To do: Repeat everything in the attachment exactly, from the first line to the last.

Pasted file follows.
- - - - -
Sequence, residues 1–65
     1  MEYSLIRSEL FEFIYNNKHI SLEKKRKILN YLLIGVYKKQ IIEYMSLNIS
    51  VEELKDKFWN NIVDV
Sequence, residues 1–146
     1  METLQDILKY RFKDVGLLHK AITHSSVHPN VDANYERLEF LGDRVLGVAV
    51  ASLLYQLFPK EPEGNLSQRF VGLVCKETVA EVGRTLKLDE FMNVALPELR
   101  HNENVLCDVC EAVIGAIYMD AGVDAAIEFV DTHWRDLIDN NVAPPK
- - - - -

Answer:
Sequence, residues 1–65
     1  MEYSLIRSEL FEFIYNNKHI SLEKKRKILN YLLIGVYKKQ IIEYMSLNIS
    51  VEELKDKFWN NIVDV
Sequence, residues 1–146
     1  METLQDILKY RFKDVGLLHK AITHSSVHPN VDANYERLEF LGDRVLGVAV
    51  ASLLYQLFPK EPEGNLSQRF VGLVCKETVA EVGRTLKLDE FMNVALPELR
   101  HNENVLCDVC EAVIGAIYMD AGVDAAIEFV DTHWRDLIDN NVAPPK